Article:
Parliament Proposes 'Latte Levy' to Curb England's Cup Waste

Rachel Hardy
January 7, 2018

The House of Commons Environmental Audit Committee in Parliament wants a "latte levy" imposed on coffee cups - a move members believe will show citizens how much waste their country produces in general, and how wasteful coffee cups are in particular.

"Take-away coffee cups may look like cardboard through-and-through but on the inside they are lined with a plastic, making them hard to recycle and resulting in 99 per cent of them being destined for landfill or incineration".

On the same day that MPs have recommended a 25 pence charge be added to all drinks sold in a disposable paper cup in the United Kingdom, environmental campaign charity Hubbub has announced plans with Starbucks to put the suggestion to the test. Or should they even be banned altogether? A 25p charge, which works out at over £20,000 per tonne, would most likely be considered as legally accounting for the producer responsibility obligation for disposable cups so effectively shifting the charge from the producer to the consumer. It also offers a discount of 25 pence to customers who bring their own cups.

Many coffee shops including Costa, Pret and Starbucks offer a discount if you take a reusable cup with you.

The Committee stated that this type of cups should be banned unless the recycling target is met. Meanwhile, Starbucks is going to test out its own disposable cup surcharge in a few dozen London locations to see if it causes more customers to bring their own reusable cups, CBS News reports.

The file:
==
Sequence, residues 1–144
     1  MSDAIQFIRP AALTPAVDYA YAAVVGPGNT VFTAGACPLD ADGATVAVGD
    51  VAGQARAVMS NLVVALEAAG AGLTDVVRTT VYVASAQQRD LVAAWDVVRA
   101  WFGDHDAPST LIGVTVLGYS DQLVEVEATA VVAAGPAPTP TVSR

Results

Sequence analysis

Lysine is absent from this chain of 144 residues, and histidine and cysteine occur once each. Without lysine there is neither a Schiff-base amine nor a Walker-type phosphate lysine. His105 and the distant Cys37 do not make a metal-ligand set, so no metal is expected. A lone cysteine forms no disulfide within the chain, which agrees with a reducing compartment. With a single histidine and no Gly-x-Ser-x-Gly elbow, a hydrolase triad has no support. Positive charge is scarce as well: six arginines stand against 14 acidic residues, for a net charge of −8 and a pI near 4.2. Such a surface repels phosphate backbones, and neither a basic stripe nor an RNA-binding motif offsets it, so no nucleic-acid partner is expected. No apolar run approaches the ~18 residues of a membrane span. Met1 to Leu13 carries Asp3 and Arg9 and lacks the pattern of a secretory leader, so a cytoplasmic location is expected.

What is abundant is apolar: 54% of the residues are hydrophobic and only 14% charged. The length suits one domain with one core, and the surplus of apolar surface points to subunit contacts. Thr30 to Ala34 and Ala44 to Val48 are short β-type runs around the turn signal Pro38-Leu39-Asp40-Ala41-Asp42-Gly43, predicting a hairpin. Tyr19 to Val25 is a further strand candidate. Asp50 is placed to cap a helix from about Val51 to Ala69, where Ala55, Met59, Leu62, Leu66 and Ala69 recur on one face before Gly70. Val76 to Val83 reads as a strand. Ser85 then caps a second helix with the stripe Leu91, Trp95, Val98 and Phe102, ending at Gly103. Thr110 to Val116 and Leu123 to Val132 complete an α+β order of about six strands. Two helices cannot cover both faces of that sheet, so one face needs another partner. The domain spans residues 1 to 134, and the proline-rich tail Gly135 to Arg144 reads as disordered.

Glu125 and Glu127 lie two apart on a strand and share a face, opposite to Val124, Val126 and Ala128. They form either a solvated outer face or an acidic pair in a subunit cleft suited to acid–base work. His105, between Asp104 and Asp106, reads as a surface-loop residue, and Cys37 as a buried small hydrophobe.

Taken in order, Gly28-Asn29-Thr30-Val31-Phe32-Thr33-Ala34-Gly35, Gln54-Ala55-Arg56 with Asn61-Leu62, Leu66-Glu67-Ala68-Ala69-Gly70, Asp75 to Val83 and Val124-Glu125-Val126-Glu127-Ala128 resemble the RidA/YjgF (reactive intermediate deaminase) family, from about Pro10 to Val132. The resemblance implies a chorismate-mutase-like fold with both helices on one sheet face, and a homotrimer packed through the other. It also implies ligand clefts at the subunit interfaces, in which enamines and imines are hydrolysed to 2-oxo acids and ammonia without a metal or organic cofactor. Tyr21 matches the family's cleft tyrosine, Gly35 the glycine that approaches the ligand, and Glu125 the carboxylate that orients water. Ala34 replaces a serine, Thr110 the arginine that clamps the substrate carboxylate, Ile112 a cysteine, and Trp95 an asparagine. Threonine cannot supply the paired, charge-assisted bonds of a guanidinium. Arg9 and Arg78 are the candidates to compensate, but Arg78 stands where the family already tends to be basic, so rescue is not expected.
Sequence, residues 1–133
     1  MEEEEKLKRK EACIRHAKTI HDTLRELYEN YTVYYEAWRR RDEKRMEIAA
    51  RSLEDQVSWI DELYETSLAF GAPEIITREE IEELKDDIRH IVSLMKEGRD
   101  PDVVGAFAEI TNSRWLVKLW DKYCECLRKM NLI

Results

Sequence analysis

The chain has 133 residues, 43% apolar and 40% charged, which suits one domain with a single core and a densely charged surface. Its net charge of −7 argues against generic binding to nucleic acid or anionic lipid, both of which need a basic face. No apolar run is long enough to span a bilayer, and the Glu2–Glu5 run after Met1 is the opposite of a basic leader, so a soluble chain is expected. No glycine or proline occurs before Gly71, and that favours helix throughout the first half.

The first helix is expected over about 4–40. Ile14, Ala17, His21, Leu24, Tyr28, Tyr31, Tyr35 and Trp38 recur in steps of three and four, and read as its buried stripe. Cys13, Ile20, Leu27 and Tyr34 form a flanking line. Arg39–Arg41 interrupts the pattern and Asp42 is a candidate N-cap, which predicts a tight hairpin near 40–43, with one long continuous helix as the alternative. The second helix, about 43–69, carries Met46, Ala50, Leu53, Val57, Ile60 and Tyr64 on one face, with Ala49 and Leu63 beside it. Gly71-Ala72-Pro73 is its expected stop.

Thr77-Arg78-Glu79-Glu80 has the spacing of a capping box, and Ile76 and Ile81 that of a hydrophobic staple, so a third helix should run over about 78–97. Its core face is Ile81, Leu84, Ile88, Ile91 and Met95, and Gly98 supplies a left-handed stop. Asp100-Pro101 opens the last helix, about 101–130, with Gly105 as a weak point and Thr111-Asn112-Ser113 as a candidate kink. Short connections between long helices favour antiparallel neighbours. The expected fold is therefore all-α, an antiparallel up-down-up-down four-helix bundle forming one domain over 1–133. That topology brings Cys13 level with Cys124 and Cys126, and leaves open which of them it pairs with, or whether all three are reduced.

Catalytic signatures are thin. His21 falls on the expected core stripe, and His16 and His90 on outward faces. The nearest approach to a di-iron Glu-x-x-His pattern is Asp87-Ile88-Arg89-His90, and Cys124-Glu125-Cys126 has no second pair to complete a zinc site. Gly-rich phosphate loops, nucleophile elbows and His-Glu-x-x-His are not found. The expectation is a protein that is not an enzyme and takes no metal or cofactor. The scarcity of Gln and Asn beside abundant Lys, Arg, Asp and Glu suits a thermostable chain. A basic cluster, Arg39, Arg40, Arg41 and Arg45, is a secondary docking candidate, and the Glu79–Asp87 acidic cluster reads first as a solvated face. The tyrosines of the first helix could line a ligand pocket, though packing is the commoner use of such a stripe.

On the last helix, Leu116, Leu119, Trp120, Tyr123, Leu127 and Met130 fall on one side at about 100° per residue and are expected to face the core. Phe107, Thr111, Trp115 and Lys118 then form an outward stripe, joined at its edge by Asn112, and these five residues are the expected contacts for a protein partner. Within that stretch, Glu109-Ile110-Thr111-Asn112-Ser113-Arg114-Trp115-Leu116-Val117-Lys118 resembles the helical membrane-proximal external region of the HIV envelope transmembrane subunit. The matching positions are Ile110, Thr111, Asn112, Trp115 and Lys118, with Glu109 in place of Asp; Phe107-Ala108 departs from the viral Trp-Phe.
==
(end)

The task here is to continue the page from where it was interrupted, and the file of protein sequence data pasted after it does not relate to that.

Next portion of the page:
Buy a reusable glass coffee cup here. In the trial, "we will be exploring the impact that a cup charge may have in changing behaviour in addition to the measures we, and the whole industry, are taking on cup recycling", Starbucks said.

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One system created to tackle the problem already exists. Is it about raising more money - from producers or consumers or both - to develop new, separate collection, sorting and treatment infrastructure for coffee cups and (surely) other forms of disposable food and beverage packaging?

"The public needs a simple, United Kingdom wide solution, one which is made possible by the introduction of an on-the-go waste management infrastructure".

He added that paper cups are the "most sustainable and safe solution" for drinks on the go. Coffee shops have been sending out mixed messages for years, emphasising that their cups are "recyclable" and staying silent on the fact they are not actually recycled.

"The onus should not just be on the consumer. With all the will in the world we can't make that change and we wish we could", he said.

"We heard evidence that consumers are more responsive to a charge than a discount and that a charge on disposable cups could reduce use by up to 30 percent."

"They are the ones who are expert in manufacturing". He says the industry is working to increase recycling rates.

Other reports by TheDailyFarc

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